The conversion of coal to petroleum: its German roots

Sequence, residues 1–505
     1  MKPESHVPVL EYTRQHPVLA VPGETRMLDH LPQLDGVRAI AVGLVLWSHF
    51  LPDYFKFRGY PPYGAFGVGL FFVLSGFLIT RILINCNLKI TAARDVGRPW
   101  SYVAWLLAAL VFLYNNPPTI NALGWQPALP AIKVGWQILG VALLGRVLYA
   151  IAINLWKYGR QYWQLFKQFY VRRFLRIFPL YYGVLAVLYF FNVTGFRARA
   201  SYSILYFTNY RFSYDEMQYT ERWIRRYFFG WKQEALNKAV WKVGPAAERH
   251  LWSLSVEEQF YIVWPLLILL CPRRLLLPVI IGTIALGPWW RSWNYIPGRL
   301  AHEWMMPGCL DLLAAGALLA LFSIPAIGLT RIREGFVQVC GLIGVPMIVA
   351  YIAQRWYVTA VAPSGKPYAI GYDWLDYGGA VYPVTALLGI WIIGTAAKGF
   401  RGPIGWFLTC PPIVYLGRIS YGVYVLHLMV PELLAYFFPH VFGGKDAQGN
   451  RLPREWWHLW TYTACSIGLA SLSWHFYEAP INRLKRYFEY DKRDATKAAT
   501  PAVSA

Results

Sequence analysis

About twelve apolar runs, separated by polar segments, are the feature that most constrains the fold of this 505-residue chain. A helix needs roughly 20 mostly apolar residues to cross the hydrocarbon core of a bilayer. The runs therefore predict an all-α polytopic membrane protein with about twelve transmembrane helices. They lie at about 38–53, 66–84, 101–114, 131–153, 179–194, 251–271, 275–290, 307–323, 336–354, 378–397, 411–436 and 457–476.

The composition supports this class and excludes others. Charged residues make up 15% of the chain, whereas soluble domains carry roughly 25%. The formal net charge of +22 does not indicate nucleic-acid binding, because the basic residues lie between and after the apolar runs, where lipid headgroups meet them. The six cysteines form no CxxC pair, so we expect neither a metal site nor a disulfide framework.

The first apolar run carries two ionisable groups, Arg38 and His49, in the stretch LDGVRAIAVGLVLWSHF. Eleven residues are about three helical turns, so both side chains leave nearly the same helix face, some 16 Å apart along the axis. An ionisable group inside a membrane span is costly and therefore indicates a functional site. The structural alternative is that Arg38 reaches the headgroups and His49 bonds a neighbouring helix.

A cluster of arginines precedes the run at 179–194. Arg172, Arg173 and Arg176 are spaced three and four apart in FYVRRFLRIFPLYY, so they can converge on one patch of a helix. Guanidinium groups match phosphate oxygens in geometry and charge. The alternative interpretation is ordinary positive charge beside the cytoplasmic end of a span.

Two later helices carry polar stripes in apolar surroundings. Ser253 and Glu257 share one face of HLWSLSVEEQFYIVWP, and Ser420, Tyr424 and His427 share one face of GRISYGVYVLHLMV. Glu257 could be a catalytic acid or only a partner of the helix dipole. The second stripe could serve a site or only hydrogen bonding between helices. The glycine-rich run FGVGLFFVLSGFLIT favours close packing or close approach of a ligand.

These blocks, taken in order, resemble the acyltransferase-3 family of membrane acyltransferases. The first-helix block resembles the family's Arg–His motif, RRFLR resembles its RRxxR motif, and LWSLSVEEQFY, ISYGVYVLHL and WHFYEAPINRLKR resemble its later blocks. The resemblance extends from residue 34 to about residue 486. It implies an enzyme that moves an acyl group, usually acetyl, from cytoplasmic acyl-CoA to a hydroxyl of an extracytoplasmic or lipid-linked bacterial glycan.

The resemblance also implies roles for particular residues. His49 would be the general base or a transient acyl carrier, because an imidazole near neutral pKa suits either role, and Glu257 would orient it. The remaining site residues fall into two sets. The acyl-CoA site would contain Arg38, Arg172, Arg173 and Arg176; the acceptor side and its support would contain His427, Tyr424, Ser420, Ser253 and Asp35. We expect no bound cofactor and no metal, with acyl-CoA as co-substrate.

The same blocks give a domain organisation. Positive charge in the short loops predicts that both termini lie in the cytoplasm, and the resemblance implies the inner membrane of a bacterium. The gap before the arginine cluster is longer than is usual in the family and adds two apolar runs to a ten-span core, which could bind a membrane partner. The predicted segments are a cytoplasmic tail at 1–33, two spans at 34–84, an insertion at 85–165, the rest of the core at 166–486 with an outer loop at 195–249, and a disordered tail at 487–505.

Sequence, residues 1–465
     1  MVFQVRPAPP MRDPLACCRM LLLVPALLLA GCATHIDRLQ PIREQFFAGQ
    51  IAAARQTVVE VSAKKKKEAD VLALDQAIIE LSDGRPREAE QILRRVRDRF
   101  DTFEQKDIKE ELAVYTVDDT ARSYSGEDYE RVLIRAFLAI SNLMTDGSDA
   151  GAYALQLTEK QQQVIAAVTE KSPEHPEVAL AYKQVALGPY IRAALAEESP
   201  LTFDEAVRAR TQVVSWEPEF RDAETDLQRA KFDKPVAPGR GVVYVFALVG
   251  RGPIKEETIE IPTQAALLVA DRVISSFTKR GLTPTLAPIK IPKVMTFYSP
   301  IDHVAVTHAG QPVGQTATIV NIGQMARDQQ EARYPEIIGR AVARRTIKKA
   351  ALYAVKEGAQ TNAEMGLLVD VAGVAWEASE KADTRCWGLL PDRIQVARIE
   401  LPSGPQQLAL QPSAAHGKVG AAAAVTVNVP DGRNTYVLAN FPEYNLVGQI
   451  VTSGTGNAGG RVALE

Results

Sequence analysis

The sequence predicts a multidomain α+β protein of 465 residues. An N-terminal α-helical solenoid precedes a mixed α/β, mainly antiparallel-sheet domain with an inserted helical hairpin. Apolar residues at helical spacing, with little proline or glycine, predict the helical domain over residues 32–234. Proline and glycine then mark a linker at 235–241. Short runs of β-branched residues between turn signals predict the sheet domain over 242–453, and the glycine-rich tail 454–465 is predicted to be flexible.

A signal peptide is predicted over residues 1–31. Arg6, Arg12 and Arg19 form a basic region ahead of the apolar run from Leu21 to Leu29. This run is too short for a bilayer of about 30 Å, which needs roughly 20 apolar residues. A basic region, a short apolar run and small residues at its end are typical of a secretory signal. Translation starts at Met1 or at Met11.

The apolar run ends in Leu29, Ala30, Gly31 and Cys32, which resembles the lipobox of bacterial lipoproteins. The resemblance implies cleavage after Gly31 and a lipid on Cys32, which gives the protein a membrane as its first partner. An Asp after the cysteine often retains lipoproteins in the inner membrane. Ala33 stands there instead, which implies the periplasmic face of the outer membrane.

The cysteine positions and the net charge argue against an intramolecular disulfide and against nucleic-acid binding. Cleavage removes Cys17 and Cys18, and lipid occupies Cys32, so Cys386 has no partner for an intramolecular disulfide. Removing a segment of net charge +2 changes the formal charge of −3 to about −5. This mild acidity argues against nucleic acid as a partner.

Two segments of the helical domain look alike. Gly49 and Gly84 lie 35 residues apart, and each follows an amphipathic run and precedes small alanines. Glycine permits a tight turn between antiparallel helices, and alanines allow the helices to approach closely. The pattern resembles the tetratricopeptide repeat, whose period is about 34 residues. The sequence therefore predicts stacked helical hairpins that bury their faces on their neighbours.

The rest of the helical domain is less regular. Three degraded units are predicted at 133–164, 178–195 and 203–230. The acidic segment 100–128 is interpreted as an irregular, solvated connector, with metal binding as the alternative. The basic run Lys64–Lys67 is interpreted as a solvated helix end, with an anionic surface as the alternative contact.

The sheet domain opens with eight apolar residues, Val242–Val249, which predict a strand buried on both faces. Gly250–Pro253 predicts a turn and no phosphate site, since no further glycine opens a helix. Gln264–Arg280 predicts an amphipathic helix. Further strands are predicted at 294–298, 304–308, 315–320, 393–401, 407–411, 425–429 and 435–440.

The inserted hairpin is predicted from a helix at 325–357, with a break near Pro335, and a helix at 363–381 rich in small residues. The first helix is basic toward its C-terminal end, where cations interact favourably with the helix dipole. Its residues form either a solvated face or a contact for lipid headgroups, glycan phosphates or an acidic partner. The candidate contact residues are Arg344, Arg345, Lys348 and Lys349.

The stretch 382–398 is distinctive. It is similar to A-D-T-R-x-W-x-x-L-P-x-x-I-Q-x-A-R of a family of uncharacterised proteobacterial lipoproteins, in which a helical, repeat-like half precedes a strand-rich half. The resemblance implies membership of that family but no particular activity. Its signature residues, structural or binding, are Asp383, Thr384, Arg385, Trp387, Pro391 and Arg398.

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This paper  examines the work of Friedrich Bergius, the inventor of high-pressure coal hydrogenation in the period 1910-1925. The paper traces Bergius's development of high-pressure coal hydrogenation from a laboratory-scale process to a small factory-size operation at Rheinau-Mannheim, Germany. Bergius carried out several thousand experiments, requiring the testing of more than 200 different kinds of coal, before bringing his hydrogenation process to a successful conclusion. In his factory, where he spent several million dollars in research and employed 150 men, Bergius demonstrated for the first time the possibility of establishing a German synthetic petroleum industry. This history of coal hydrogenation shows the difficulties Bergius faced in expanding his process from the laboratory-scale to a small industry. The major problems he confronted and successfully solved were: (1) providing enough hydrogen gas to convert coal into synthetic petroleum, (2) working at the high pressures required for the conversion, and (3) regulating the reaction's temperature. Because the reaction was exothermic and sensitive to temperature change, accurate temperature control was a major accomplishment. In spite of Bergius's successes, two other problems remained unsolved. Bergius did not investigate the influence of different catalysts on the hydrogenation reaction, and his process was a one-stage operation; the hydrogenation of coal and the splitting of the products formed took place in one step. This procedure resulted in a smaller amount of the reaction products splitting into gasoline-size molecules. The gasoline was, in addition, of low quality, and without refining it could not compete with gasoline obtained from natural petroleum. The major emphasis in the study of the early German coal hydrogenation programs has been on the scientific and technological developments that Bergius encountered, but not to the exclusion of the social, political, and economic factors that accompanied its rise. It illustrates, for example, the difficulties that Bergius, scientist and entrepreneur, faced in continually trying to raise money to keep his project alive and his efforts to market his product by entering into different patent arrangements in Germany and internationally. © 1987.
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